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Colorado reauthorizes operations at wastewater injection well linked with earthquakes

Investigators also eye possible permit violations at Weld County site

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Staff Report

FRISCO — State regulators have reauthorized operations at a Weld County wastewater injection well after determining that the well may be linked with earthquakes in the area. State officials will also investigate whether the well operators violated their permit by pumping too much drilling sludge into the well.

“We are proceeding with great care, and will be tracking activities at this site closely,” said Matt Lepore, director of the Colorado Oil and Gas Conservation Commission.  “We’re moving slowly and deliberately as we determine the right course for this location,” Lepore said, explaining that new limits on the well are aimed easing the potential for more earthquakes.

Testing at the site showed that injected fluids were not contained in a stable geological formation. Instead, the wastewater found a permeable layer. From now on, the fluids won’t be injected quite as deep. The new limits will seal off the preferential pathway and  increase the distance between the zone of injection and “basement” rock. These measures are expected to mitigate the potential for future seismic events.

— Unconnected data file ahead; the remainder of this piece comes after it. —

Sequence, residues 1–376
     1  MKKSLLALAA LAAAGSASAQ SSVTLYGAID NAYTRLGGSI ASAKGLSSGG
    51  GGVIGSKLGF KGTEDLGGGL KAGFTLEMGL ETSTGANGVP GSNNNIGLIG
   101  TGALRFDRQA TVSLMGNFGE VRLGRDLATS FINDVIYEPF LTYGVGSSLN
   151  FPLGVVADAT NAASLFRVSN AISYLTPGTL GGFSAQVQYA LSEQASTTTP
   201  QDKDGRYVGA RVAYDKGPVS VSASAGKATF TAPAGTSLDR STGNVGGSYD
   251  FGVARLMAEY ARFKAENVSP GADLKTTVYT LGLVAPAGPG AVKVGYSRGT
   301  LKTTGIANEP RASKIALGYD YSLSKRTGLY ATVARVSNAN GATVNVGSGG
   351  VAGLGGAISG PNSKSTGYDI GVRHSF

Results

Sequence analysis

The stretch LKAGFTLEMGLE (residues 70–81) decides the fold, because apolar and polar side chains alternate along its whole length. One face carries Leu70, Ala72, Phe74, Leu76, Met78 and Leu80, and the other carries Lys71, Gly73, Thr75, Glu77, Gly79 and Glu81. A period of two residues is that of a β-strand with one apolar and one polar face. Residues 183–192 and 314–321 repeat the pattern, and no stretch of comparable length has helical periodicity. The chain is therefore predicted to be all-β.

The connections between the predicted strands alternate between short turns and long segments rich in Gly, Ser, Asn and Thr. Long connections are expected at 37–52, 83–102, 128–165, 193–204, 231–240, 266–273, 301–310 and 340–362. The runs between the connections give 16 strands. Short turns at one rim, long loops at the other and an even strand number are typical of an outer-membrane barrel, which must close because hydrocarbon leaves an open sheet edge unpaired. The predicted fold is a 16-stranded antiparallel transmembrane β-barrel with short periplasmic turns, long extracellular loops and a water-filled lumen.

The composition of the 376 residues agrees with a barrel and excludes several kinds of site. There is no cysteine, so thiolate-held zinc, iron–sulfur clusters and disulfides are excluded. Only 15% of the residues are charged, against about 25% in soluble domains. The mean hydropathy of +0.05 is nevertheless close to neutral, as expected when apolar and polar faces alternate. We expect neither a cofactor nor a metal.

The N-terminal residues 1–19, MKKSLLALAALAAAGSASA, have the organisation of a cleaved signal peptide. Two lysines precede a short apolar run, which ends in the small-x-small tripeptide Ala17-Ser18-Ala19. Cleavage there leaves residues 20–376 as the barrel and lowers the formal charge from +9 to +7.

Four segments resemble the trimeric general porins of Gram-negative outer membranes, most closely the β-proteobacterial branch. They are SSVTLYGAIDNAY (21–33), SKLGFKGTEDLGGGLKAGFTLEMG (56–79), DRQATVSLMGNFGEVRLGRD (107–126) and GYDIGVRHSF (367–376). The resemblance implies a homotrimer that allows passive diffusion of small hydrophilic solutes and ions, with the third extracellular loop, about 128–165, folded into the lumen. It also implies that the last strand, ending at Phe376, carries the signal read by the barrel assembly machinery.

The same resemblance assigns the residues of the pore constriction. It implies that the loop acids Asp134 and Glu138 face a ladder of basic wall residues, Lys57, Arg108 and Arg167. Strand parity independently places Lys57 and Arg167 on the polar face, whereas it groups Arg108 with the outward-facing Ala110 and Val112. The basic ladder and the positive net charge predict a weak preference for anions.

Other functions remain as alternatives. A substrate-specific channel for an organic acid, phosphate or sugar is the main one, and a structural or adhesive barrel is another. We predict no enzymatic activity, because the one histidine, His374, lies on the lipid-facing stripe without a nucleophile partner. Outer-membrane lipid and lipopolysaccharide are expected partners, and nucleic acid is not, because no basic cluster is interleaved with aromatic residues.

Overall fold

On June 23, the COGCC directed NGL Water Solutions DJ LLC* to stop disposing wastewater into the well for a 20-day period while the agency worked with the operator and a team of University of Colorado researchers to determine whether deep injection at the site may be tied to recent seismic activity detected within the general vicinity. Following a 3.2 magnitude event on May 31, seismometers placed by CU recorded other small earthquakes, including one of magnitude 2.6 on June 23.

Since the shutdown, the COGCC has further analyzed data associated with the injection well, as well as seismic data recorded by a local network of instruments placed and maintained by CU geophysicists. While seismic activity in the area around the well continued during the shutdown period, it occurred at a lower energy level, according to the CU researchers.

Beginning Friday, July 18 the COGCC will allow NGL to resume limited injections, at lower pressures and lower volumes, under continued seismic monitoring, to ensure the facility is operating safely. Specifically, the operator will be permitted to inject at an initial maximum rate of 5,000 barrels per day with a maximum pressure of 1,512 psi. After 20 days, the maximum injection rate may be increased to 7,500 barrels a day at the same pressure.

Continued use of the injection well will be reviewed and may be halted if seismic events within a 2.5-mile radius of the well occur at or above a magnitude of 2.5 – the U.S. Geological Survey’s default threshold for displaying seismic events. CU geophysicists will continue to monitor the location, and the COGCC has required NGL to install a permanent seismometer near the well to allow for real-time monitoring. The company is also required to provide access to the monitor and all its data to the COGCC and any third parties authorized by the agency.

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